- The intensity of a sound
- The three types of noises
A noise is a setting vibration of the air. It is characterized by its frequency, expressed in hertz, ranging from severe to acute and by its intensity, expressed in decibels.
The intensity of a sound
Zero decibel, which is absolute silence, can not be perceived to the extent that the human body itself emits a few decibels. The decibel scale starts at ten decibels (10 dB). This level corresponds to what is called silence.
Scale of decibels
Very complicated to understand, the decibel scale is logarithmic. We must forget all his reflexes of arithmetic calculation. The calculation rules are not the same. For example, 60 dB + 60 dB is not 120 dB but 63 dB!
Two sounds of equal intensity will produce a sound of 3 dB more.
Another example is 70 dB + 100 dB = 100 dB. When a difference between two sounds is greater than 10 dB, the loudest sound covers the weakest.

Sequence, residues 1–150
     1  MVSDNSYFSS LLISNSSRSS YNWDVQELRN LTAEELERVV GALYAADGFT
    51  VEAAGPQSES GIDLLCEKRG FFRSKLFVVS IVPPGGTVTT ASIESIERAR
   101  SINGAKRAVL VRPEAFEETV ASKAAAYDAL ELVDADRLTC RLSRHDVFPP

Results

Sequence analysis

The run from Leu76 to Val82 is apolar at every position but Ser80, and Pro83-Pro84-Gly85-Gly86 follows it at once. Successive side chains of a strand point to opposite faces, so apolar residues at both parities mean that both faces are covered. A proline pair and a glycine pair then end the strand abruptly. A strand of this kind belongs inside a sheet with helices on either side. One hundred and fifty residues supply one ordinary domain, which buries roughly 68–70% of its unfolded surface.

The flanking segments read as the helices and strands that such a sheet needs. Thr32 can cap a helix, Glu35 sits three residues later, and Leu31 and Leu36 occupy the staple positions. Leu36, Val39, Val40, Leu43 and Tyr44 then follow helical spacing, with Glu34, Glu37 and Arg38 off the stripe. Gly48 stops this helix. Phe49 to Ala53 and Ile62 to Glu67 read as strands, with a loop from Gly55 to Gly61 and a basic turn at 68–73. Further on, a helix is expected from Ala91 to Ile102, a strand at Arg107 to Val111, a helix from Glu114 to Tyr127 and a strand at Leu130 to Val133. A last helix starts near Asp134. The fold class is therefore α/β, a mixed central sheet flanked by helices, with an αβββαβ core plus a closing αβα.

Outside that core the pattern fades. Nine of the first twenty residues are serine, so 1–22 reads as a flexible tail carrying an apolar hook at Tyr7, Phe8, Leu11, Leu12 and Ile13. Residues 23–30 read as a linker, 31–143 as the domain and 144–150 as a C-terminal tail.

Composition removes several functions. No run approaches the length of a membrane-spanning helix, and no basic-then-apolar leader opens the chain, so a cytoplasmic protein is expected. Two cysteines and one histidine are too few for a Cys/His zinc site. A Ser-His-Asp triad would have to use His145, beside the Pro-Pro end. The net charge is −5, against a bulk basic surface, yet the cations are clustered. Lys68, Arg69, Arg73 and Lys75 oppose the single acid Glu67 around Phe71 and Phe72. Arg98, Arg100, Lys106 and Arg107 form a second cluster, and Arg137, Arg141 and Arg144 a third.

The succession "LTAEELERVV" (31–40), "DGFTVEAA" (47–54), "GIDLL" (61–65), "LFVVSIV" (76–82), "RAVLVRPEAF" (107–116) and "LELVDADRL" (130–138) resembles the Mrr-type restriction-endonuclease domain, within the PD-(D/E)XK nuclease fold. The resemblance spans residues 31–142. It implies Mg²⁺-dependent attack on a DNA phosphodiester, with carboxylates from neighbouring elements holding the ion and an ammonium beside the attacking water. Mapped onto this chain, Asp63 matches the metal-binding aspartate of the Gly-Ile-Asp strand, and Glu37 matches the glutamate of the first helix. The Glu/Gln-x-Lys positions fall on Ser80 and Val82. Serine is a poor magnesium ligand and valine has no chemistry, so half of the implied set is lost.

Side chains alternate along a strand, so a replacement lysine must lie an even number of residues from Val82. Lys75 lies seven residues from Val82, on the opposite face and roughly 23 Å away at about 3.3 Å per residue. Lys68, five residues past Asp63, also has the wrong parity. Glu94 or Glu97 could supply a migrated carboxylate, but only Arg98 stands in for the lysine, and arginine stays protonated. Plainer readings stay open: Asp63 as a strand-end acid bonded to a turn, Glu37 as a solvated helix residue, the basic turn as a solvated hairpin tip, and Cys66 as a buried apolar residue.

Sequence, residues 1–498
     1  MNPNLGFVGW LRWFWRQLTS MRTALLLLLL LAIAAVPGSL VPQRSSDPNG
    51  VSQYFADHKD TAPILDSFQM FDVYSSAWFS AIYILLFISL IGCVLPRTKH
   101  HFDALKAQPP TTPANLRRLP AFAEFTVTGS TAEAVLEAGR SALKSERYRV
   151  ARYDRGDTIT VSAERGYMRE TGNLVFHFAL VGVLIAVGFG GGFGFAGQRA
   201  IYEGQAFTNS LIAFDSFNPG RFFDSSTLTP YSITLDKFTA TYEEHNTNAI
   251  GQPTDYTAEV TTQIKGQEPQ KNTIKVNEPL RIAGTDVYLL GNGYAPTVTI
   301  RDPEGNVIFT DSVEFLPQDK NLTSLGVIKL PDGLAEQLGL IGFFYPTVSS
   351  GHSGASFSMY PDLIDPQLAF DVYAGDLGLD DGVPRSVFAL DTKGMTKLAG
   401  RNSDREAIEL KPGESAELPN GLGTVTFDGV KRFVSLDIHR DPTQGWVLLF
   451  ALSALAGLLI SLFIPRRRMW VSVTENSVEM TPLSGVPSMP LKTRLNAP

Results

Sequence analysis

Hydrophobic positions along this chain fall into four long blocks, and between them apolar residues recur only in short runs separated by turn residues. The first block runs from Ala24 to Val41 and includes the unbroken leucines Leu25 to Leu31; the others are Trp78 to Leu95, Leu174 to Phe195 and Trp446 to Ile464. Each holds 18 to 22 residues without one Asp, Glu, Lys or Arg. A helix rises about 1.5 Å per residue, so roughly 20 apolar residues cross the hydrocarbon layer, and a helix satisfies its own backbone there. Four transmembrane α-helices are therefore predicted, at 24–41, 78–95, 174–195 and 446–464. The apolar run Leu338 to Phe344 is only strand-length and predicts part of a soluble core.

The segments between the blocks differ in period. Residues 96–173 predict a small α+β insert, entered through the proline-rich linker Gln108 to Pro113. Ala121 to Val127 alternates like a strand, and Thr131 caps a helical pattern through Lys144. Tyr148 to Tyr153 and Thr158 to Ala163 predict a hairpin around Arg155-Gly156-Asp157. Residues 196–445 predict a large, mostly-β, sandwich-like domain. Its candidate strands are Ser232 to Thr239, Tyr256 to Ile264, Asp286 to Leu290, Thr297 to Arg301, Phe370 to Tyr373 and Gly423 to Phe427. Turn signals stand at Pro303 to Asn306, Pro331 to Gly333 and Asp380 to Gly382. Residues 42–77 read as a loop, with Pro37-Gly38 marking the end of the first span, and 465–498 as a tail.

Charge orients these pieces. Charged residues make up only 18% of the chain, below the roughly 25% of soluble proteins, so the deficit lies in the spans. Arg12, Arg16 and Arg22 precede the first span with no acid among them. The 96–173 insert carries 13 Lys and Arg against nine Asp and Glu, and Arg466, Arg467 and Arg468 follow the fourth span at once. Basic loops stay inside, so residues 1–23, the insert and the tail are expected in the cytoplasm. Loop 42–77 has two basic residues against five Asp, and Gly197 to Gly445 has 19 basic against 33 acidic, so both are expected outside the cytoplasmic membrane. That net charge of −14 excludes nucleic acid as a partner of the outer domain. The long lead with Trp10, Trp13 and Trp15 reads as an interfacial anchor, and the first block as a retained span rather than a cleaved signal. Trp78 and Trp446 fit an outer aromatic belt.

Thus quantified from a well-identified noise, it is possible to define an isolation objective to obtain the desired sound level.
The three types of noises
Depending on whether they are airborne, impact or equipment-related, noises are transmitted in different ways.
Impact noiseImpact or shock noises (slamming doors, footsteps...) are transmitted by vibrating the walls that are the floors, walls, ceilings.
Airborne noiseAirborne noise or pink noise (road traffic, conversation, television...) spread through the air, put the walls in vibration and pass from outside to inside, or from one room to another.
Equipment noiseEquipment noises (lifts, valves, VMC...) are emitted by the technical installations and are propagated by air or in the form of impact noises.